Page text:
Spartans Boxing Club maintains deep community roots even as it expands
SINGAPORE — While some fitness gym franchises project glamorous images – replete with state-of-the-art equipment, top-end instructors and prime locations – Spartans Boxing Club chooses to go the opposite direction.
Community spirit is the key philosophy for the boxing gym chain, ever since it was founded in 2015 by entrepreneur Naz Musa in Joo Chiat. As its current managing director Russell Harrison told Yahoo News Singapore recently, Spartans wants to take away the intimidating atmosphere of boxing gyms, and offer inclusiveness for anyone who walks through its doors.
“We have a structured approach in building a close-knit community,” the 39-year-old said. “The first layer is to have a comfortable, friendly atmosphere, so that members feel at home at our gyms. They may come here for boxing, but they’ll stay for the community.
“The second tier is to tie in with other businesses around our gyms. We will task ourselves to reach out and frequent the local community, establish good relationships with them and invite them to visit our gyms. We’ve also run youth outreach programmes for at-risk kids, and some have eventually started working for us or competing in boxing tournaments under us.
“The third layer is to support the Singapore grassroots boxing scene. We’d make sure we send our fighters to local boxing events to help grown the national scene.”
Steady expansion of franchise
Such a philosophy has blended in well with Spartans’ humble, uncomplicated boxing gyms, which project a gritty atmosphere, even as it offers classes for a wide range of customers – men, women, kids, even those with cerebral palsy conditions.
The gym’s ability to attract and retain its clients has led to steady expansion. A second branch in Balestier opened in August 2018, followed by a third at Downtown East in January. And on Saturday (8 February), Spartans will officially open its fourth Singapore branch in Serangoon Gardens.
Harrison plans to open two more Spartans branches in Singapore by this year, before it launches an ambitious expansion in the next two years to other countries such as the Philippines, Indonesia and Australia.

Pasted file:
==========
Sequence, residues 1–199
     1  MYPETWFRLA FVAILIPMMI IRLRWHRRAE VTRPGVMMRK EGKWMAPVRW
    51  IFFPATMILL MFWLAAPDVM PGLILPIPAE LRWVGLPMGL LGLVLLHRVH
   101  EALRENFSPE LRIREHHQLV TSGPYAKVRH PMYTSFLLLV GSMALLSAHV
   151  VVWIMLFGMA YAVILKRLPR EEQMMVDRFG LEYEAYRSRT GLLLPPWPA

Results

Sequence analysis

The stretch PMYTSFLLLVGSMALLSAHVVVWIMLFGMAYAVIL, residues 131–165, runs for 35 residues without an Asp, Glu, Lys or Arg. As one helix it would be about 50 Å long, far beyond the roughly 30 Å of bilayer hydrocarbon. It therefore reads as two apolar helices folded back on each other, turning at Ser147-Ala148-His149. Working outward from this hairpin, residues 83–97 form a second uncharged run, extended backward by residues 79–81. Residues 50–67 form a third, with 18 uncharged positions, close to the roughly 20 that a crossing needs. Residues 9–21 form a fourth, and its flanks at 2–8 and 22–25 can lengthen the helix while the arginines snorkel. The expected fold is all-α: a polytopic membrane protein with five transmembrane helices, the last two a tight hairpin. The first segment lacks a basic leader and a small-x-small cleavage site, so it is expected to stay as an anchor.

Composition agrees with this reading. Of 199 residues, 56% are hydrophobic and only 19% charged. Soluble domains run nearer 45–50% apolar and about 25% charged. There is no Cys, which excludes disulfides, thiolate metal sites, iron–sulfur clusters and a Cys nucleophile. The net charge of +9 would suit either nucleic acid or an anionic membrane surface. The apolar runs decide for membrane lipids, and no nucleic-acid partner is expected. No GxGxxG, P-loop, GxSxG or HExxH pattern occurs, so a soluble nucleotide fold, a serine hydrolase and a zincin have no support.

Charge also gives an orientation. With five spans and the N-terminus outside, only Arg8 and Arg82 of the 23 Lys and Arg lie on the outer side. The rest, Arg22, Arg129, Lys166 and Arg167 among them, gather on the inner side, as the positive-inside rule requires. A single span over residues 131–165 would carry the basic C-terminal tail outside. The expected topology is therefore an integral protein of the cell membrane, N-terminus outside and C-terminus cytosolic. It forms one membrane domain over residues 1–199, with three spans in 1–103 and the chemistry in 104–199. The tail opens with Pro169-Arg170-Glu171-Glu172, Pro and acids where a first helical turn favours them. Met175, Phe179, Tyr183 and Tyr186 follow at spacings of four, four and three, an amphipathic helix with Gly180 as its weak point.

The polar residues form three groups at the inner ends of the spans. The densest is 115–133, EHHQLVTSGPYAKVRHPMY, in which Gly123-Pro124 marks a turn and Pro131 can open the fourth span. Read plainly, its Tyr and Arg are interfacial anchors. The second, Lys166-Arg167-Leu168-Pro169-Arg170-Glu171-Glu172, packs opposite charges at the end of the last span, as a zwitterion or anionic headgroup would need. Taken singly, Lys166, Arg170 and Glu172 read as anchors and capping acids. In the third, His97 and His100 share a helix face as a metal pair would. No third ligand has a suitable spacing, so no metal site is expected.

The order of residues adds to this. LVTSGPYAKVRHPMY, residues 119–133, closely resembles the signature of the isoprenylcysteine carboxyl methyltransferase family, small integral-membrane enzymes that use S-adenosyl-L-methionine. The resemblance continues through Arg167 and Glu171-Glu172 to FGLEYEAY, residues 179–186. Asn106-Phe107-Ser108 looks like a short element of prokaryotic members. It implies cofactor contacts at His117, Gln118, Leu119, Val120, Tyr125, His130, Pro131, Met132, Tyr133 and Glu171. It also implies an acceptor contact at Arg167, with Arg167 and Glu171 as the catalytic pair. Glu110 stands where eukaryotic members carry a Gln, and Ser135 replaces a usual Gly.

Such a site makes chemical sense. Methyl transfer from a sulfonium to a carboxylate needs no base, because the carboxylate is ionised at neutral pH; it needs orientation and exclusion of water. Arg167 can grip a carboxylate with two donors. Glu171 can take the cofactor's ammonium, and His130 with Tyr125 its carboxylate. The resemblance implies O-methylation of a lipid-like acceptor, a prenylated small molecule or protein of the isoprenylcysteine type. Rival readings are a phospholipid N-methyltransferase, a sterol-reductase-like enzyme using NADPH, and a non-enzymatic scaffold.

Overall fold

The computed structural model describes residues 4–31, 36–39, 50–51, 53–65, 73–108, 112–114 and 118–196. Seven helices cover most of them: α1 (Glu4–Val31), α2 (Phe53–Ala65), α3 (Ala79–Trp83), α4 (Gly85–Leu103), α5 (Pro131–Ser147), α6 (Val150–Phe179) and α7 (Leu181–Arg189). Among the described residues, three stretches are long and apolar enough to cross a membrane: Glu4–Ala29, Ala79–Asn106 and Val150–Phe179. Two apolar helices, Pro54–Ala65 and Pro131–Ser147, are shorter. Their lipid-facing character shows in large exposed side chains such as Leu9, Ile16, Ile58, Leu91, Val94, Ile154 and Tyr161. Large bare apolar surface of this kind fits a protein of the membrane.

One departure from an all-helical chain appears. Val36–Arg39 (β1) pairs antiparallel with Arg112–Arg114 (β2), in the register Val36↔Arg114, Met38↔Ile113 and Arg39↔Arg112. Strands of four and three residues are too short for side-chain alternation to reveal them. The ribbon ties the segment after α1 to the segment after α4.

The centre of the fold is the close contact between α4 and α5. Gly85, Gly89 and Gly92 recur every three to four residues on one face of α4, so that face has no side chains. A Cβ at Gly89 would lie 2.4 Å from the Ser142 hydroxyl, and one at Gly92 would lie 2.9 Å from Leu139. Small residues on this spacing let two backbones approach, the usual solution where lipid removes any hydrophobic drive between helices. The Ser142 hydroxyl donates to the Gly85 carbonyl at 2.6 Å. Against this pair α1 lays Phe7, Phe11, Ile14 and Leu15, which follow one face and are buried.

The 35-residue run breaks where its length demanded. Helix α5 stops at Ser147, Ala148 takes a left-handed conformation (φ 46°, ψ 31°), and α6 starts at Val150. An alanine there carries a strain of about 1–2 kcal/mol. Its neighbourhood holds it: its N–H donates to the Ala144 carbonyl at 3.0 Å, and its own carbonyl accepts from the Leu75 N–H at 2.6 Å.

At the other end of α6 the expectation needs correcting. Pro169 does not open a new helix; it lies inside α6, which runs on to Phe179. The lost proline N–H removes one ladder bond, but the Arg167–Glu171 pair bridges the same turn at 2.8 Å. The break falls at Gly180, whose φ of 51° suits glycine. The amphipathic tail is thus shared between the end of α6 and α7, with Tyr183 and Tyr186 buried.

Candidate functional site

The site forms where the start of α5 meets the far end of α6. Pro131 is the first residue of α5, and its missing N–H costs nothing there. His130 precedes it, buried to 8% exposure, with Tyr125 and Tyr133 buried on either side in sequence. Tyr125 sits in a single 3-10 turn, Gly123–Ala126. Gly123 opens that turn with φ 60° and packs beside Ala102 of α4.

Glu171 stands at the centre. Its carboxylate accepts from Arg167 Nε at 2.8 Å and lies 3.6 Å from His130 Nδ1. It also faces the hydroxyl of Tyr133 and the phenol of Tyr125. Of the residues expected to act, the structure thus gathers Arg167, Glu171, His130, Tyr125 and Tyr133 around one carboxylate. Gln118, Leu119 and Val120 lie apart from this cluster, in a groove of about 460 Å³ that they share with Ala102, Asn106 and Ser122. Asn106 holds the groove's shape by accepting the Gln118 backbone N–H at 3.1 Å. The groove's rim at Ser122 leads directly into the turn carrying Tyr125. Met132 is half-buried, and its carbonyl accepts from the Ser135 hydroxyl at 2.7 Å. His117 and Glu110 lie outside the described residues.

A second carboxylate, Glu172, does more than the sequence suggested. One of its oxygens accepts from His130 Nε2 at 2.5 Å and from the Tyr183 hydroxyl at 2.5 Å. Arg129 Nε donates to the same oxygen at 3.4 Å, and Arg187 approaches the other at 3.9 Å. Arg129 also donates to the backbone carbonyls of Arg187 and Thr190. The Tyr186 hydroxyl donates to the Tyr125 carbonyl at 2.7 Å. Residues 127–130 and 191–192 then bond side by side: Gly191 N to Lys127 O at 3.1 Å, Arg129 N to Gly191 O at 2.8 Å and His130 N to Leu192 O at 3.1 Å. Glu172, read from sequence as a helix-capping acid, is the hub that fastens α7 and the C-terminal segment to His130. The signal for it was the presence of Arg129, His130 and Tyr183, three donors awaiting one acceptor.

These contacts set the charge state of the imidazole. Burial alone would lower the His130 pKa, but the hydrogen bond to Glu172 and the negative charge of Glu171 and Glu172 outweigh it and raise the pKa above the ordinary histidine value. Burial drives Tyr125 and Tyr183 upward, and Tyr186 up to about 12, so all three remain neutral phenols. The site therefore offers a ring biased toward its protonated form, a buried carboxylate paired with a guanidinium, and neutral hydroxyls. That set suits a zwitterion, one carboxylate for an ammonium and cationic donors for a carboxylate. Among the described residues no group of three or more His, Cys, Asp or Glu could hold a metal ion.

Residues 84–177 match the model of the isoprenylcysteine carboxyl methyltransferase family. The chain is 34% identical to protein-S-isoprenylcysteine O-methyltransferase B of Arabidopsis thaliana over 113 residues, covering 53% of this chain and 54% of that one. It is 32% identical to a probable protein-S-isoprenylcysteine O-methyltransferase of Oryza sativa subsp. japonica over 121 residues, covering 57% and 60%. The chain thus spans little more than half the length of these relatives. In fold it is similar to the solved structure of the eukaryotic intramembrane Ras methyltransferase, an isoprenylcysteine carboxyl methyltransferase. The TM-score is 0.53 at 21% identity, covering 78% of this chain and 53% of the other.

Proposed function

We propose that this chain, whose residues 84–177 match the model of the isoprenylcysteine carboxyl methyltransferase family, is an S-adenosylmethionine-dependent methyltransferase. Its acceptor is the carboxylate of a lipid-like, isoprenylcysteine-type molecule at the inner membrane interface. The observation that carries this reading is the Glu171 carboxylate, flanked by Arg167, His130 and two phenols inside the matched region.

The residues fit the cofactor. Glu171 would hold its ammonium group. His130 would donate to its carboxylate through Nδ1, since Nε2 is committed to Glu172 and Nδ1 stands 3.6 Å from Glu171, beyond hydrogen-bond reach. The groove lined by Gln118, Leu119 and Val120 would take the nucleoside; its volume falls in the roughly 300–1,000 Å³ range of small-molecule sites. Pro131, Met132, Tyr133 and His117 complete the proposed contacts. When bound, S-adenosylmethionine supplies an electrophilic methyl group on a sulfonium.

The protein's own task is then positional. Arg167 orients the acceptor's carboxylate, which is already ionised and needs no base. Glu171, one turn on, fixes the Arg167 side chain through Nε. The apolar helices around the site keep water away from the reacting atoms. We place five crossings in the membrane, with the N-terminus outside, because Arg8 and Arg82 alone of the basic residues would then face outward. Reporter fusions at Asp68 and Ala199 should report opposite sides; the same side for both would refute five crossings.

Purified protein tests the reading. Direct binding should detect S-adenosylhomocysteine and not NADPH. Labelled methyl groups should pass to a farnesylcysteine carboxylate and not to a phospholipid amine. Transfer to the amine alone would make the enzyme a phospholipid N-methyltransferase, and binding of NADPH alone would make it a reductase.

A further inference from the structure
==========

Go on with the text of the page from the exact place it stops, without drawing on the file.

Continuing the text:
Franchise business model, coaching accreditation programme
To ensure that the gym’s philosophy and methodology is consistent throughout its branches, Spartans launched its franchise business model and coaching accreditation programme last year.
“I think having a franchise business model will help budding entrepreneurs who want to take the plunge into the fitness business but don’t want to take the full risk. With our scalable model, we take a lot of their guesswork out of the equation,” Harrison said.
“As of the coaching accreditation programme, it comes to having some sort of consistent quality and standard for coaches who want to teach fitness boxing. We’re opening this programme to the public, so personal fitness trainers who want to teach boxing the right way can receive proper guidelines to their teaching methods.”
Community in gym’s DNA
With its expertise in boxing training and strong community ties, Spartans has also set up its athletes management arm to groom budding professional fighters for regional and international competitions. It already has established names such as Muhamad Ridhwan and Alexandrew David as well as several top amateur champions under its wing.
Despite its expansion ambitions, Harrison insists that Spartans will never forgo its community roots.
“Being part of the community is in the DNA of boxing gyms all over the world,” he said. “Champions like Mike Tyson came straight from the streets and into the boxing gyms because they felt that they belonged in this environment.
“And that’s what we want to do for all our branches – whether you’re a blue-collar worker, a white-collar worker, a student or with no job, once you’re in our community, we are simply a bunch of people who share a passion in boxing.”
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